We can now go into our directory and check the files with these commands:
This is the result:
We are clearly in the Windows C:/ drive. Looking around a bit, I found a directory called “Users” with a user called “L4mpje”. Files on the desktop and in the documents directoy are always very interesting, so let’s find some files using this command:
find Desktop/ Downloads/ Documents/ -ls
Sadly, we found nothing too interesting:
One thing we could try to do is extract the password to this user. For that, we have to cd into the /Windows/System32/config directory:
The two intesting files are “SAM” and “SYSTEM”. The “SAM” file is the Security Accounts Manager and it contains login names and password hashes. The user passwords are stored in a hashed format in a registry hive either as a LM hash or as a NTLM hash. The “SYSTEM” file contains Windows settings that are already required during startup, for example via drivers and services.
If I was on a domain controller, I would also grab the “ntds.dit” file, which is the Active Directory Database file. With these three files I would be able to decrypt the AD database. But for now, let’s just copy the two files to our linux machine using this command:
cp SAM SYSTEM /root/htb/boxes/bastion
“cp” stands for copy, we’ll then have to specify which files we would like to copy and the location.
I decided to create a new directory on my machine to keep things organized:
Moving the files to this location is also quite easy:
mv SAM SYSTEM /dump
All we have to do now is cd into the directory and dump the password hashes from the SAM file. There are severel ways of doing this. There is a really cool python script named “SecretsDump”. You can clone it from the github page but Kali linux already has it installed. The command looks like this:
impacket-secretsdump -sam SAM -system SYSTEM local
The script ran through very quickly and gave us these results:
The NTLM hash “31d6cfe0d16ae931b73c59d7e0c089c0” is a blank/empty password. Same goes for the LM hash “aad3b435b51404eeaad3b435b51404ee”. This could mean, that the administrator account is disabled. However, we got the NTLM hash from the user “L4mpje”. Let’s try to decrypt it:
I used a random hash cracker, and after a few seconds I got the cracked hash, which is “bureaulampje”. I wrote down the credentials “l4mpje:bureaulampje” in Cherry Tree and tried to connect via ssh with these credentials:
I immediately got access:
For the sake of this article I will be continuing to grab the user.txt and then move on to the privilege escalation part to get the root.txt. If this were a pentest I would enumerate the machine much more thourough.
If we cd into the Users directory we will find our user “L4mpje”. The user.txt should be on his desktop:
I looked around for quite a long time, went through the Backups, Logs and Program File directories. What I found was an interesting application called “mRemoteNG”:
This is an open source, multi-protocol, remote connections manager for Windows. Bastion hosts are often used as a jump host with remote management tools on them so they can access other machines.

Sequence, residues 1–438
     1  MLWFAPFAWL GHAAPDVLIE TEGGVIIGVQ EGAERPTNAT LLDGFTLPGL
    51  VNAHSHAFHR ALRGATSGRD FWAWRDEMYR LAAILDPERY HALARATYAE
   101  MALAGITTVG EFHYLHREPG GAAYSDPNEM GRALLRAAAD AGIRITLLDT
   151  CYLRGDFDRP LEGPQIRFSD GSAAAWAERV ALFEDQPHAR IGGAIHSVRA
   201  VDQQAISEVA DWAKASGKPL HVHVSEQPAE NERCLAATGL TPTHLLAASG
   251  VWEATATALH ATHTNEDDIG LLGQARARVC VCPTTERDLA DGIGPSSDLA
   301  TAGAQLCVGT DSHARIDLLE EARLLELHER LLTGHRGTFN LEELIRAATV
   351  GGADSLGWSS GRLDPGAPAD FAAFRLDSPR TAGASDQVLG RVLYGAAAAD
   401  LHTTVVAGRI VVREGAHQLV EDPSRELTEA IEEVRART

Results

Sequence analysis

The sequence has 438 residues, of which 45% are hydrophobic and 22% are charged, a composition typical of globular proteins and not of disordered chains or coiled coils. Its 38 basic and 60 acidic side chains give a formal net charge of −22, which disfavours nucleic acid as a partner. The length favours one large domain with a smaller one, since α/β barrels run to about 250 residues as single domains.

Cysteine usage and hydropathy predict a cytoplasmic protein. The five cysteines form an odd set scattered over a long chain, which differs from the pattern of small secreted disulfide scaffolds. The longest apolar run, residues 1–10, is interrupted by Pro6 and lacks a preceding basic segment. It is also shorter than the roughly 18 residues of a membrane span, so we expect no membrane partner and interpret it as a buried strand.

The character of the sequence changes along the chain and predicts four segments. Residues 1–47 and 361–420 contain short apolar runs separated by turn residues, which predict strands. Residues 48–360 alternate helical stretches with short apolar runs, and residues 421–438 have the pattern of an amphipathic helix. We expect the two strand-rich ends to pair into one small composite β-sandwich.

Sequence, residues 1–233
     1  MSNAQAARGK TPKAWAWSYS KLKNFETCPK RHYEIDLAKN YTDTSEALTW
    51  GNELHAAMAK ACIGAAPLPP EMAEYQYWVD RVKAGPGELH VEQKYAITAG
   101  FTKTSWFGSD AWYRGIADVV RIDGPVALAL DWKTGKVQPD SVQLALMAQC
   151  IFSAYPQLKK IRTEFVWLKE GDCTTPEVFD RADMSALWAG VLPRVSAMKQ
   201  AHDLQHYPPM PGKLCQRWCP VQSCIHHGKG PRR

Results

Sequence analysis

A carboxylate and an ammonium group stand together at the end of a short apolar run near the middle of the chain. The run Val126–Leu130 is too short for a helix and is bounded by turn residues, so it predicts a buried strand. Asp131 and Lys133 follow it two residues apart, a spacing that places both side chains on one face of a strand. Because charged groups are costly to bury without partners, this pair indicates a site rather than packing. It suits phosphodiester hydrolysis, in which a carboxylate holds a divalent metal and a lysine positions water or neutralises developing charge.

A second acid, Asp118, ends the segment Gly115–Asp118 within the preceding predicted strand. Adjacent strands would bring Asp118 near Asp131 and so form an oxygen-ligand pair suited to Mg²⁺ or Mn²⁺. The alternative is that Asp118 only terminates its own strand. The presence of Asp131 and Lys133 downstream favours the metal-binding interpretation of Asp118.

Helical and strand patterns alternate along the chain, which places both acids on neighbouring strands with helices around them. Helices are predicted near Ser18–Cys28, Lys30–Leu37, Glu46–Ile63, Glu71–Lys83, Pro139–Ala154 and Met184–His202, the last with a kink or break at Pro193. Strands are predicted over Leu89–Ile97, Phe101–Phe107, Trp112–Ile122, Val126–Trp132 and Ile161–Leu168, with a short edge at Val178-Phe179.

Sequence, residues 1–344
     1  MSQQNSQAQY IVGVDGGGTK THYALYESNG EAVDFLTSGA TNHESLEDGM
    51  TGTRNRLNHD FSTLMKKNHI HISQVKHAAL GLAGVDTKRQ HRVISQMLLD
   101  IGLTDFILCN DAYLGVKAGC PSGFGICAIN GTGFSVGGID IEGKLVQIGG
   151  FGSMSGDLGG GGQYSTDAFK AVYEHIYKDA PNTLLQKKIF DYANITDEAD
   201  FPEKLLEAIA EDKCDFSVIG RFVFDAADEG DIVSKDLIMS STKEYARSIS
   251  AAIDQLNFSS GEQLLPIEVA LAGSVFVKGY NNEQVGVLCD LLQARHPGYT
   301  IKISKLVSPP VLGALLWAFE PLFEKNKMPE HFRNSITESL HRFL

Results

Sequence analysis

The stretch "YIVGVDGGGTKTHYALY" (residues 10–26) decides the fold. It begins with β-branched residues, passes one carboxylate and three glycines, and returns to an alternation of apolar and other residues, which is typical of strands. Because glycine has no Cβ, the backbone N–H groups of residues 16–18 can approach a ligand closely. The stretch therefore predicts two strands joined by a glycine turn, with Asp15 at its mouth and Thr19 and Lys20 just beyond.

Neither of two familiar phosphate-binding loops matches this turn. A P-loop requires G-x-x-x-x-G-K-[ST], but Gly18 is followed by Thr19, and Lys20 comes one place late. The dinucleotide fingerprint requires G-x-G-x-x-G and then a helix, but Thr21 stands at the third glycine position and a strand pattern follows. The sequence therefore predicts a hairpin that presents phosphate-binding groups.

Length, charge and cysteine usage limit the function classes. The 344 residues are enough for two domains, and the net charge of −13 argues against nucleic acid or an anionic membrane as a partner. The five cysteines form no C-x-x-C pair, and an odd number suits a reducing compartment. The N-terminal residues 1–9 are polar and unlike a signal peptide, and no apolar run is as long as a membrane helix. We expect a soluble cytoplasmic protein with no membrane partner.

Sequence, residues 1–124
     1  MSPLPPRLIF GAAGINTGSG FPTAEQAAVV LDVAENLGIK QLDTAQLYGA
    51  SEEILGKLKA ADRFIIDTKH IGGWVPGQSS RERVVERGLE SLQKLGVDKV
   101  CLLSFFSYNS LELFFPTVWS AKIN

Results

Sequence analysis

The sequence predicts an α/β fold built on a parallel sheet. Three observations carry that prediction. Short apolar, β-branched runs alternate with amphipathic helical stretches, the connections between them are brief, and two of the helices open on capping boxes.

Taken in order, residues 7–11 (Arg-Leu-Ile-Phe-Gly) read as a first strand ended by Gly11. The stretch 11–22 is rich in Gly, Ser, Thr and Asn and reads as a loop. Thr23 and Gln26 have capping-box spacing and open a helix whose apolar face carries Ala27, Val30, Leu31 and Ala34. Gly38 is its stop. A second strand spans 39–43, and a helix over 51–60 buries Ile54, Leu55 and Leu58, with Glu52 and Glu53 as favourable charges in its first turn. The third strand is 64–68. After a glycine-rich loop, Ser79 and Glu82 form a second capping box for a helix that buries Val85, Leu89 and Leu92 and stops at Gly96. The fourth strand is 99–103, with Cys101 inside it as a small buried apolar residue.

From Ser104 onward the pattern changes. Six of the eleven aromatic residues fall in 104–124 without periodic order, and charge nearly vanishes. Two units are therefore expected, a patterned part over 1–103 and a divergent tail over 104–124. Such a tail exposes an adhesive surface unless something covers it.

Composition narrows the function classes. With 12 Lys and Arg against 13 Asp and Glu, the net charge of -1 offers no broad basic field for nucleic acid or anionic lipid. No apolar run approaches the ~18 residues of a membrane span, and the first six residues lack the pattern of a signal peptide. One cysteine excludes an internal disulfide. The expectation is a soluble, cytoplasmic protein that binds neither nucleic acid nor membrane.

There is an interesting blog post about this topic. Basically mRemoteNG uses insecure methods for password storage and can provide droves of valid credentials during an assessment or competition. The location of the passwords are in C:\Users\AppData\Roaming\mRemoteNG. AppData is a hidden directory so you have to use the commend “cd /a”.
The connection configuration file is called confCons.xml:
Using the “type” command, we can print out the content of the configuration file. We can see the administrator password “aEWNFV5uGcjUHF0uS17QTdT9kVqtKCPeoC0Nw5dmaPFjNQ2kt/zO5xDqE4HdVmHAowVRdC7emf7lWWA10dQKiw==”
There’s a cool python script which you can clone from github in order to decrypt the administrator password. The command looks like this:
python3 mremoteng_decrypt.py -s aEWNFV5uGcjUHF0uS17QTdT9kVqtKCPeoC0Nw5dmaPFjNQ2kt/zO5xDqE4HdVmHAowVRdC7emf7lWWA10dQKiw==
The password is “thXLHM96BeKL0ER2”.
We can now use ssh to connect to administrator account:
Now it’s pretty easy to grab the admin.txt:
This was a really fun box! A quick recap of all the vulnerabilities that led to us owning this machine:
Because of the anonymous login into SMB we got access to a Backup directory. Guest authentication without a password is not a good idea, especially if there is a directory containing sensitive information. After that, we got the NTLM password hash of the user L4mpje. This was a very weak password so it took just a few seconds to decrypt. Always use secure passwords. The best practice is to use a password that is at least 12 characters long with numbers and special characters. Multi factor authentication would also be a good counter measure. Then we used the mRemoteNG application to grab the administrator password. Not very clever using an application with known vulnerabilities, especially if it stores passwords with weak hashes. All of these factors led to us gaining administrator access. Stay tuned for part three of my series.